Oxygen Air

Hyperbaric Dosages

The body receives more oxygen than usual through the simple and non-invasive method known as hyperbaric oxygen therapy. The delivery method employs a hyperbaric chamber, often known as a “pressure vessel,” in which the body is subjected to varying pressures.

The pressure that is provided directly affects the oxygen dosage, so the higher the pressure, the higher the dosage of oxygen.

 The amount of time and oxygen being breathed in can also be used to modify the effective dose of oxygen (during HBOT). The frequency of application is the last component of this puzzle. But once more, the pressure is the crucial factor, therefore let’s first explain:

  1. Pressure
    • We need a consistent and continuous supply of oxygen, and the ‘natural process’ of breathing provides us with this essential ingredient. During this phase, oxygen enters the lungs deeply before exiting the lung tissue and entering the bloodstream.
      • The bulk of oxygen (around 98.5%) in the bloodstream is then strongly bonded to red blood cells, and by the time these cells exit the lungs, they are essentially at their maximum oxygen carrying capability. The circulatory system is subsequently used to carry the oxygen until it reaches the metabolically active tissue. They now loosen their tight bond, allowing oxygen to diffuse into the nearby tissue. A red blood cell can hold up to one million of these oxygen molecules, however keep in mind that they are minuscule in comparison to the red blood cell that they are travelling on.
      • Only a little fraction of oxygen, about 1.5%, can leave the lung tissue and enter directly into the blood plasma (the liquid part of the blood), where it can move about freely and quickly without being constrained by being tightly linked to these red blood cells. Our huge red blood cells (roughly speaking) cannot reach places where the oxygen that passes in this compartment can reach. Therefore, when dealing with damaged tissue and/or circulatory issues, the plasma oxygen levels might be quite essential.
      • Only 0.3 ml per 100 ml of oxygen can be transported in human blood plasma under typical air circumstances. This amount is far below what is required to maintain life.
      • As a result of the oxygen molecules’ increased force under hyperbaric pressure, more oxygen can leave the lungs and move through the blood plasma. Therefore, in addition to receiving more oxygen, you are also receiving more oxygen that can readily move through blood fluids and reach every area of tissue that is encircled by fluids – essentially everywhere inside the body! This is almost ‘genuine’ liquid oxygen.
    • A person who lives at sea level is at one atmosphere of absolute air pressure (ATA), which is how hyperbaric pressure is commonly measured. In terms of air pressure, this is equivalent to 760 mm (or 29.9 inches) of mercury or 14.7 psi (pounds per square inch).
      • When discussing HBOT, we begin at 1.0 ATA, which corresponds to the average air pressure at sea level. We are basically adding another atmospheric of pressure, or 14.7 psi, for every 33 FSW (feet of sea water) of pressure. As a result, if a 2.0 ATA hyperbaric pressure is provided, this pressure dosage is 14.7 psi or 33 FSW.
      • In both private facilities and wound care clinics, hyperbaric pressures are typically less than 2.5 ATA.

2. Time

  • HBOT sessions are typically limited to 60 to 90 minutes. This lessens the chance of the body accumulating too much oxygen, adding to the astounding safety records displayed by the facilities providing this service.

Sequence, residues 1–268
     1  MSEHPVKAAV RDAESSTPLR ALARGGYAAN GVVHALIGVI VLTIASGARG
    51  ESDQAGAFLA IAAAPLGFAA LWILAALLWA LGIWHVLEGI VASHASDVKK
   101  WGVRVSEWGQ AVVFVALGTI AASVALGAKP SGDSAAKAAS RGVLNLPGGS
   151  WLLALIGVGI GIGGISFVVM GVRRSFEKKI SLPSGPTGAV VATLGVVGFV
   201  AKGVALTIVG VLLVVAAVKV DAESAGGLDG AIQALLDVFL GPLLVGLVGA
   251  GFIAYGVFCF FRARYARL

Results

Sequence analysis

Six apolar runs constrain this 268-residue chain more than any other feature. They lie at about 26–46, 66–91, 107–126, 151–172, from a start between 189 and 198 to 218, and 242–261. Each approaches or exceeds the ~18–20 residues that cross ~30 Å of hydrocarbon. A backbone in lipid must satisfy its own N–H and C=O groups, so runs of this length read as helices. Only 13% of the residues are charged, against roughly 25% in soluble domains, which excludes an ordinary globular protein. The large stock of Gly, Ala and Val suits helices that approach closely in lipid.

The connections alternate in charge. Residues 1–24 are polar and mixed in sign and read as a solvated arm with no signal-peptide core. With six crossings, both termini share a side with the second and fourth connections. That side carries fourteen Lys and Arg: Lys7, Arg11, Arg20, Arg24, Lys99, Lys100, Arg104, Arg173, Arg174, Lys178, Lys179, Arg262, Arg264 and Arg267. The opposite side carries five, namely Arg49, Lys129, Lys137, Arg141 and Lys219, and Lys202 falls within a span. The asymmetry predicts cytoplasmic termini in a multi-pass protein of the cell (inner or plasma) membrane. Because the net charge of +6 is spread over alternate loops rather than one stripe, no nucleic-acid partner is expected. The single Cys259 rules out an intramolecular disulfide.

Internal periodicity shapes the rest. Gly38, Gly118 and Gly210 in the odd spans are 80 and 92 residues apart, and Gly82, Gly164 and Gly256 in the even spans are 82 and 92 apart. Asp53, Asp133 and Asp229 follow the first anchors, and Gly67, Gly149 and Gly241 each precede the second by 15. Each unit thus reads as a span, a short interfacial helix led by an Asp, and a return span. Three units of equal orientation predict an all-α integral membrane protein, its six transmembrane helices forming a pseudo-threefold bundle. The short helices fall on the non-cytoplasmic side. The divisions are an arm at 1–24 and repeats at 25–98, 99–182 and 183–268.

3. The Oxygen Content

  • In general, hyperbaric oxygen entails breathing oxygen concentrations that are greater than normal, all the way up to 100% oxygen. We are currently breathing air that contains only 21% oxygen. Remember that in a hyperbaric chamber, breathing ordinary air will still allow for the delivery of extra oxygen to the body.

4. The Regularity of Deliveries

  • Many of the physiological advantages of HBOT can be attained with the aid of frequent delivery, which can play a significant role. When using this approach to manage wound care or even in cases of chronic disorders, this is of utmost relevance. The “40 hour hyperbaric protocol” is a fairly popular procedure that has been found to provide these physiological effects. Pressure (from 1.3 ATA to 2.4 ATA) and time (from 60 to 90 minutes) for this treatment have been adjusted. You can see 1.3 ATA for 60 minutes on one end of the range and 2.4 ATA for 90 minutes on the other. The most intriguing fact to note is that both methods have been demonstrated to deliver potent outcomes. Regarding the 40 hour hyperbaric protocol, they are substantially the same in terms of frequency of delivery but significantly different in terms of pressure and time:
    Using a 40-hour hyperbaric protocol:
    • It is generally known that daily HBOT treatments, lasting up to 40 sessions, are the most effective for achieving the full physiological advantages of HBOT.
    • Two HBOT sessions a day are not unusual during this programme, which has been widely adopted by many centres and demonstrated to produce excellent clinical results. Note that a minimum 4-hour gap is typically advised between sessions in order to minimise the risk of oxygen poisoning and maintain HBOT’s strong safety records.
    • Usually, 5 days straight are advised, followed by a 2-day break.
    • With the help of this treatment, it is possible to complete 40 hours of HBOT in one or two months (when applied twice daily). (If only HBOT sessions were conducted every day)


We now have all the factors that can affect the amount of oxygen that will work best for HBOT.




Oxygens, Excelsior House Mucklow Hill Halesowen B62 8EP


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